Amid a record-high week in the U.S. for new COVID-19 cases, an overwhelming majority of those in San Luis Obispo County are in residents under age 50, according to public health data.
Of 66 new cases reported this week, 80 percent were in patients 50 or younger, despite that age group making up just 61 percent of the population. Prior to June 1, patients under 50 accounted for just over half of the local cases.
“We have seen an increase over the last couple of weeks in our county in people in their 20s and 30s,” SLO County Public Health Department
IMAGE COURTESY OF THE CENTERS FOR DISEASE CONTROL
YOUNG AND INFECTED Nearly three in four SLO County COVID-19 cases since June 1 are in people younger than 50.
spokesperson Michelle Shoresman told New Times
That’s part of a state and nationwide trend. As states and counties reopen sectors of their economies, young people are socializing more in groups, or spending more time in workplaces and gyms, contracting and spreading the virus, experts say. Locally, public health officials traced some recent cases to a graduation party and another gathering.
Shoresman said the influx is a worrying sign because younger patients could spread the virus to more at-risk populations.
“More infected people means a higher likelihood that people who are higher risk for serious outcomes could be exposed and become ill themselves,” she said.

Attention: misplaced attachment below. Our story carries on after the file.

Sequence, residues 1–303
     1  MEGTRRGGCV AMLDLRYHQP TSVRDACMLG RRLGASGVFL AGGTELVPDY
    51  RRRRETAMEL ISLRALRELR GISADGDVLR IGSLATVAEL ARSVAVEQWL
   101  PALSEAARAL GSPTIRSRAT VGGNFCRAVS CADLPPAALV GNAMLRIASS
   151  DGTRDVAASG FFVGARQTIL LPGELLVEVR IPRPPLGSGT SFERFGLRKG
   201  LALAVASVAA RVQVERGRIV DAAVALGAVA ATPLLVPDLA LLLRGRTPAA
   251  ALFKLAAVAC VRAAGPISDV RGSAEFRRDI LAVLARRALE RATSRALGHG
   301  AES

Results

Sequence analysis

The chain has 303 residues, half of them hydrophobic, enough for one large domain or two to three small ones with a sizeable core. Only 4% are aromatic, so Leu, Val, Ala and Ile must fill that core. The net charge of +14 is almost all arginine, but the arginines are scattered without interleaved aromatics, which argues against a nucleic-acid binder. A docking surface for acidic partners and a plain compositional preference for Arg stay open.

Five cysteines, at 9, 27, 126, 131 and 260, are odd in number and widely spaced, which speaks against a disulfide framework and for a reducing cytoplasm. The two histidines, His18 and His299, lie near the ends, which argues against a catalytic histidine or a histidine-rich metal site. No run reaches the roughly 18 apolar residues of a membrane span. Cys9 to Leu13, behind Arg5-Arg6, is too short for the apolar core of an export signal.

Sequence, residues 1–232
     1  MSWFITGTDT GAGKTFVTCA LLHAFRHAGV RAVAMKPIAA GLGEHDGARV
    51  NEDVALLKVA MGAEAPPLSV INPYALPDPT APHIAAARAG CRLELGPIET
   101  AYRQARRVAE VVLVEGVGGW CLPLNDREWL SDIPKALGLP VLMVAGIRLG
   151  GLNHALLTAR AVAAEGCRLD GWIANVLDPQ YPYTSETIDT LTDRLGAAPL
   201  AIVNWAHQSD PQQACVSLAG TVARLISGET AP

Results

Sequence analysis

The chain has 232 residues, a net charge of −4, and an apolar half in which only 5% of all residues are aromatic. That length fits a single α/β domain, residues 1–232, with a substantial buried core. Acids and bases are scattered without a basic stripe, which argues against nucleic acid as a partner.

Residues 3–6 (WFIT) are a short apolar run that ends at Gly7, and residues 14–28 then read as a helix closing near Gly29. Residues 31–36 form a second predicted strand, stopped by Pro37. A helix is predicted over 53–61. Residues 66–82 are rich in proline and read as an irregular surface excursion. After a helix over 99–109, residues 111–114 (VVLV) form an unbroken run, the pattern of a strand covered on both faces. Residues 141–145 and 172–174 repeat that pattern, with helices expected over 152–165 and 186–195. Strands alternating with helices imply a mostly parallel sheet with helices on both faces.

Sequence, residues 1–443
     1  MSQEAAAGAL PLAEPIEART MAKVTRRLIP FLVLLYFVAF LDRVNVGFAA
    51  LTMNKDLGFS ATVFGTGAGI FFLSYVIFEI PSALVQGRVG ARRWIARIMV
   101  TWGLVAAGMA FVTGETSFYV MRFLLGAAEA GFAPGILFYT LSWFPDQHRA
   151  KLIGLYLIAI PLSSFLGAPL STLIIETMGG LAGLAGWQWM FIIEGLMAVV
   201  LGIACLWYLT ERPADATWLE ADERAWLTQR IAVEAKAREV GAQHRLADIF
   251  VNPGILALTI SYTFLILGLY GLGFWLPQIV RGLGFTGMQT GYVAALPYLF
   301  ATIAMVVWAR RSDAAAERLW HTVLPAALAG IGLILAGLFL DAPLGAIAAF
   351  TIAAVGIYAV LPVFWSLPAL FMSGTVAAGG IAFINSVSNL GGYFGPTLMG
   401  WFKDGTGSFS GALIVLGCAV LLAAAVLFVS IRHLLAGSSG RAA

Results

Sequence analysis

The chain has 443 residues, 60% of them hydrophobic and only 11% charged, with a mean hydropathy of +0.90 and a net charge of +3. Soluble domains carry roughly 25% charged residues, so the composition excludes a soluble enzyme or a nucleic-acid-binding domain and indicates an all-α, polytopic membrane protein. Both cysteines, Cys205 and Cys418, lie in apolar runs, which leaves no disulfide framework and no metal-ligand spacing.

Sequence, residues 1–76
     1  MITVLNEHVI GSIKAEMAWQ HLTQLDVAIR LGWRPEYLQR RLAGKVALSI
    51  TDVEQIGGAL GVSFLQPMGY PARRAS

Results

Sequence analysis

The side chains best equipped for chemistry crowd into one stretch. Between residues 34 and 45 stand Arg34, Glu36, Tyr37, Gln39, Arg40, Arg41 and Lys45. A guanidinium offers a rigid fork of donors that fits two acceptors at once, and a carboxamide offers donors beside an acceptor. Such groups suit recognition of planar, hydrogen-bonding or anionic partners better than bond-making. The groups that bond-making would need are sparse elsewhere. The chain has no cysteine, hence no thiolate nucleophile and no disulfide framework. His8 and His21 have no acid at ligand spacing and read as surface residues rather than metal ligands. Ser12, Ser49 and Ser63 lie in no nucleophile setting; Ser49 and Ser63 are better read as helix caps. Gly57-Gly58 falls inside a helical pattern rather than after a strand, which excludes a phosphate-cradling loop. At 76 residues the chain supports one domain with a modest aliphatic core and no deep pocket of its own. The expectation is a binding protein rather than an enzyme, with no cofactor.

The rising case numbers coincide with more hospitalizations. On June 26, SLO County hit a record for COVID-19 related hospitalizations at 12 patients. Five were in intensive care units.
California as a whole is seeing a 36 percent surge in hospitalizations over the past two weeks, raising alarm bells among state health leaders. Neighboring counties Santa Barbara, Kings, and Kern are on a state watch list for their worsening case and hospitalization metrics.
At a SLO County press briefing on June 24, county Public Health Officer Penny Borenstein emphasized that COVID-19 “is not going away.” She said the goal now is to limit the spread and “protect our vulnerable populations.”
“It is really is all over our county,” Borenstein said, while urging residents to wear masks when in public and continue to avoid social gatherings, especially indoors. ∆